The third objection is the want of time, which is perhaps the most difficult of all to answer fully. We shall endeavour to compress Raumer's arguments into as short a space as possible.

To say that time is wanting, is the same thing as to say that every thing which is taught in schools is of more importance than the knowledge of nature, and that no part of the ordinary instruction can give way to it. Without entering into any examination of the comparative value of philology and natural science, we may remark, that in universities, two main branches of study are recognized, the philological and historical on one side, and the mathematical and natural sciences on the other. The two are thus considered as of equal importance, and as containing between them the elements of complete education. Yet the schools attend to one only, and neglect the other; and the reason given is, that as both cannot be learned together, it is better to learn one thing well than two things imperfectly; and it is the universities, and not schools, that ought to provide instruction for those who wish to occupy themselves with natural science. But to this we may reply, that schools ought to prepare youths for the universities, and of course for all the branches of study taught in them. Do they do this? certainly not in the department of natural science, but they rather send them there with all their feelings deadened towards this branch of knowledge. A distinguished naturalist has remarked, that every student should bring with him to the university, at least a thousand names of natural objects, not mere empty names, but expressions that mark the impressions, which he has received and appropriated from external objects. A youth thus prepared might profitably attend a lecturer, who would then present him with general views, and show him how to fashion into a science the materials that he had brought with him. In fact it is as impossible for a lecturer on the natural sciences to teach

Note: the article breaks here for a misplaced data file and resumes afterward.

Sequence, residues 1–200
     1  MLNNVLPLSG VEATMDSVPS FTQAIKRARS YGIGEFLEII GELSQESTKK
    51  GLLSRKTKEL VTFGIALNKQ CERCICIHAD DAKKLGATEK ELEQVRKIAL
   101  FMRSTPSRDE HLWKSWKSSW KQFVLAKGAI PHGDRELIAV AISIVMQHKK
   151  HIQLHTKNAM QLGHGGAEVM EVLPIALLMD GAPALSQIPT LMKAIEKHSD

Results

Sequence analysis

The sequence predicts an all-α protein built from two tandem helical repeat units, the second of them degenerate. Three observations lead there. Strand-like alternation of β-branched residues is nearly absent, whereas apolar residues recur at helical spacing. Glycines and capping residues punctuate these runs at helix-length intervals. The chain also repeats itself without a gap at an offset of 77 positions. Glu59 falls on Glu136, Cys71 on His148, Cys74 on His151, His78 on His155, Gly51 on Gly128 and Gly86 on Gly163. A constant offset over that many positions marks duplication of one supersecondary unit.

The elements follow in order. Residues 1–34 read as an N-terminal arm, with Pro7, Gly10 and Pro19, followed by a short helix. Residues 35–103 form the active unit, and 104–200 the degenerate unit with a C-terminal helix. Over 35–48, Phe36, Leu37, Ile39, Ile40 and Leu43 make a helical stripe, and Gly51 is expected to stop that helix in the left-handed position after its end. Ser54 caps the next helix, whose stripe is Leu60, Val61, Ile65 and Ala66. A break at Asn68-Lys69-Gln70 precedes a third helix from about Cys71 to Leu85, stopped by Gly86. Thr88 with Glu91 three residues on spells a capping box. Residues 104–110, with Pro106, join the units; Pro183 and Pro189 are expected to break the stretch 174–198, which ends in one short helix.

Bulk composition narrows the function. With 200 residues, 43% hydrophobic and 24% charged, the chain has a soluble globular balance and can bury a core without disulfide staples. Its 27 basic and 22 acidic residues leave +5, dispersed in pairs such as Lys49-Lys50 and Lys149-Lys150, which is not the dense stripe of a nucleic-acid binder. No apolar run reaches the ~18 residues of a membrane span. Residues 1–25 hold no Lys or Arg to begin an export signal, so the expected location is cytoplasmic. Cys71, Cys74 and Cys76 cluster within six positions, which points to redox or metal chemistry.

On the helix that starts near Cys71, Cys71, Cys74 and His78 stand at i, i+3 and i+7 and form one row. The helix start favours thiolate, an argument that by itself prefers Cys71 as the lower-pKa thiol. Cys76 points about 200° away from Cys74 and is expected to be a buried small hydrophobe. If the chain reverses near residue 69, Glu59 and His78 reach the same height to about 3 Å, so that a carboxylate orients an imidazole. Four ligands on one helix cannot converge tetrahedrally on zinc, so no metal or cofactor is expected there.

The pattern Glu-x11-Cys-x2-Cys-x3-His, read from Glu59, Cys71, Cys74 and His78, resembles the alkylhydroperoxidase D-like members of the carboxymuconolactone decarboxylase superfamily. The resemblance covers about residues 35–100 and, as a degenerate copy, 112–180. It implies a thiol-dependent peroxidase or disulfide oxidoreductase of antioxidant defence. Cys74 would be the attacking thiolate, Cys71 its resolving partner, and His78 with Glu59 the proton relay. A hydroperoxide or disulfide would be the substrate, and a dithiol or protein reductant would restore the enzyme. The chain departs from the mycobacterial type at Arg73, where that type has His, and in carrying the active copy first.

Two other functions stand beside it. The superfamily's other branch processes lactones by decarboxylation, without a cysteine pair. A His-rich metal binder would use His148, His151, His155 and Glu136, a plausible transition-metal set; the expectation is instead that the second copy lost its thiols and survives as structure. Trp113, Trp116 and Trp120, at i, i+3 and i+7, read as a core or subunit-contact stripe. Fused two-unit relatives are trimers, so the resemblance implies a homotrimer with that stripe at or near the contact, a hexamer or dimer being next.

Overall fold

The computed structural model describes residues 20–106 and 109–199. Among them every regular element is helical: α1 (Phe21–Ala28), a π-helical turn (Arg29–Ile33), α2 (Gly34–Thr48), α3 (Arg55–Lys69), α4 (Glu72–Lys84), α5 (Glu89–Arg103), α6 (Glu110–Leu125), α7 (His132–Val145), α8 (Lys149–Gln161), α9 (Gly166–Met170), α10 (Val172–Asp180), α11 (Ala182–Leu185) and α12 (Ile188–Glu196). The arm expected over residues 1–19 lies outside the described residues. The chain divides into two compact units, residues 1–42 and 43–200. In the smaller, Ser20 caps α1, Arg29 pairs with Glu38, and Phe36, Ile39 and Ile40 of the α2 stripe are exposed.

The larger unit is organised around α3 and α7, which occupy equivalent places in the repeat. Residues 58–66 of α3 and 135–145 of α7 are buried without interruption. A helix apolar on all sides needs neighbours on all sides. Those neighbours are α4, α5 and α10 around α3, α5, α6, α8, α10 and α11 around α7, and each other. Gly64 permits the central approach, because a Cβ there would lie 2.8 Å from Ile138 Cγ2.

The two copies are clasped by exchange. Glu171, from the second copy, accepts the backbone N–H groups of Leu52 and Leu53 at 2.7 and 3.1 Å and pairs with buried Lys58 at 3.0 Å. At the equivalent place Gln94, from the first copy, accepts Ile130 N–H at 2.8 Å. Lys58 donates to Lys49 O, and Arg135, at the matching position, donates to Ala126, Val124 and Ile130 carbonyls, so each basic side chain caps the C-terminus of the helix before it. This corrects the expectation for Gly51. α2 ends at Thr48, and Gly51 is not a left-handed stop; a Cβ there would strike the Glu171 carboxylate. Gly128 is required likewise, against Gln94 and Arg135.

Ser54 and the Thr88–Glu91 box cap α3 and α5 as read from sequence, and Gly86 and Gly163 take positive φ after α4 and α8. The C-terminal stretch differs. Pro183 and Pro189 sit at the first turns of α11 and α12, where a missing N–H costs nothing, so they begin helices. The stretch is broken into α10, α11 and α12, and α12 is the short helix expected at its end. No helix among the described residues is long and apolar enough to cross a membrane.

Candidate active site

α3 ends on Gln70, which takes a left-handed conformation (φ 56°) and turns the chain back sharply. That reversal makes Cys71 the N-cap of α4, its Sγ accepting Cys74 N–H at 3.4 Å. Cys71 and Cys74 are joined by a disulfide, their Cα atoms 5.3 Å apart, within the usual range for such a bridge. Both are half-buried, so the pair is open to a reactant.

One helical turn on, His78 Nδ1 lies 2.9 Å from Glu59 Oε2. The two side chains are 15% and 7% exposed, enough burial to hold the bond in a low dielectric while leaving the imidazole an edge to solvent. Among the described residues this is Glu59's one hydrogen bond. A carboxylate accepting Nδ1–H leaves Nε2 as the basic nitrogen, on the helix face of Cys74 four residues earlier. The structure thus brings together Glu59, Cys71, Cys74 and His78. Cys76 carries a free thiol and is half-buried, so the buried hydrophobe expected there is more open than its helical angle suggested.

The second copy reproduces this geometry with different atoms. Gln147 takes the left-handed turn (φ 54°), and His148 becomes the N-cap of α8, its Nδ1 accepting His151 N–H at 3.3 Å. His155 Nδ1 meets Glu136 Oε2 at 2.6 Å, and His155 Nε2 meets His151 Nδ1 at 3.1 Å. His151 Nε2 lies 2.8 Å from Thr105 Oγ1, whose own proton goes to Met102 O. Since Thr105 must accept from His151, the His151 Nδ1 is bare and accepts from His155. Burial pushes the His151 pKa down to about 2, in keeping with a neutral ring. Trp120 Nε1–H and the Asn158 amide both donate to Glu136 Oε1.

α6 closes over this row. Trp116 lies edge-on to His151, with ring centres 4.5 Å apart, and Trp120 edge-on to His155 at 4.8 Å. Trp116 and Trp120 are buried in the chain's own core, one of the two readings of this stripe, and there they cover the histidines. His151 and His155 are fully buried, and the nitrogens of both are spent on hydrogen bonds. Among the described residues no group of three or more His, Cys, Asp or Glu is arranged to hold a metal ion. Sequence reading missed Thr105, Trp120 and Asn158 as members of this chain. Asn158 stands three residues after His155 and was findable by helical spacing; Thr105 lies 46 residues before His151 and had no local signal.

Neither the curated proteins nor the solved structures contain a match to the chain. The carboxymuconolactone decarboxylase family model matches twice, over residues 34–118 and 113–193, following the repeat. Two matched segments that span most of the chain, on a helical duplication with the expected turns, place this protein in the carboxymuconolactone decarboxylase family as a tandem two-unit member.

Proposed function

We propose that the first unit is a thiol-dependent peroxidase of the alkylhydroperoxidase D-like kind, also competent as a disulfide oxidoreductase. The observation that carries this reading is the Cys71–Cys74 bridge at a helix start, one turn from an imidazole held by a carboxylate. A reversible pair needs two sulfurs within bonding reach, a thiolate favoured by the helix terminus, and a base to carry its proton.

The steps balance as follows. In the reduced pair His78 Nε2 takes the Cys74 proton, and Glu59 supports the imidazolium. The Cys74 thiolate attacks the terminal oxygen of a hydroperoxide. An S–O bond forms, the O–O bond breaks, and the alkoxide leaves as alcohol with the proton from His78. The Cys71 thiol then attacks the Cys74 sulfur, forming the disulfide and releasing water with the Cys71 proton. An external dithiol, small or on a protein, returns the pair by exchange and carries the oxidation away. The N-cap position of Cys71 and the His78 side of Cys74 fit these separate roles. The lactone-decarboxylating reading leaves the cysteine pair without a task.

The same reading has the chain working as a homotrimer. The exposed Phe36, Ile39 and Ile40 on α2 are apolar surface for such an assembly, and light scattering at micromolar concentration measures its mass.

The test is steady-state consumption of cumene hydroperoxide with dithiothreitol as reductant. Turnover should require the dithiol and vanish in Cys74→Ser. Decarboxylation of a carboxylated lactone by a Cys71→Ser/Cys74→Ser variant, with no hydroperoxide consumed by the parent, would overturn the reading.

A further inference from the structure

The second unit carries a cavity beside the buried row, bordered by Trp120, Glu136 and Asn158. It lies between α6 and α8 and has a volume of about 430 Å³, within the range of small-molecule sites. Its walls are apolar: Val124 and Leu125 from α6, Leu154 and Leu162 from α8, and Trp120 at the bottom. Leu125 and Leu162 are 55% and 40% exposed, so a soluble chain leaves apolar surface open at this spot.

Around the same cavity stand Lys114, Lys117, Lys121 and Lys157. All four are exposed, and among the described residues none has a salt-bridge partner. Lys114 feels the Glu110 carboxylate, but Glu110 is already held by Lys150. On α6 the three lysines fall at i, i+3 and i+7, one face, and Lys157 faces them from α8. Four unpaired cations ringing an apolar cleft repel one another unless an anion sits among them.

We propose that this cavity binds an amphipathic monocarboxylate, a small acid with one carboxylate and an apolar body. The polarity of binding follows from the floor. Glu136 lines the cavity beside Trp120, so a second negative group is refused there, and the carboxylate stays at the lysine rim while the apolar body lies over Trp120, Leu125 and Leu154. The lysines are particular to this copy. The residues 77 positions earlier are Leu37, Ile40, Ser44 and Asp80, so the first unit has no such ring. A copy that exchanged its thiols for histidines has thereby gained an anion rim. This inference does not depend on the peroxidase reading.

youths who come totally unprepared, as it would be for a professor of philology to read an author with his class when they are unacquainted with the vocabulary. To all this it is replied this may be true, but it is better to learn languages alone at school, and to learn them well, than to learn imperfectly both languages, and something else besides. But we assert on the other hand, that it is possible to do both well-to attend to one, and not neglect the other. Let us consider the period of a child's life from his seventh to his eleventh or twelfth year, and bear in mind how much Latin he learns during this time. So little is it in general, that, as far as our experience goes, we think he could acquire as much in three months when he is eleven or twelve years old, as he gets with great labour in the three or four years before that age. We have known instances of boys, who begun Latin rather late, overtaking in a short time others who had com menced much earlier.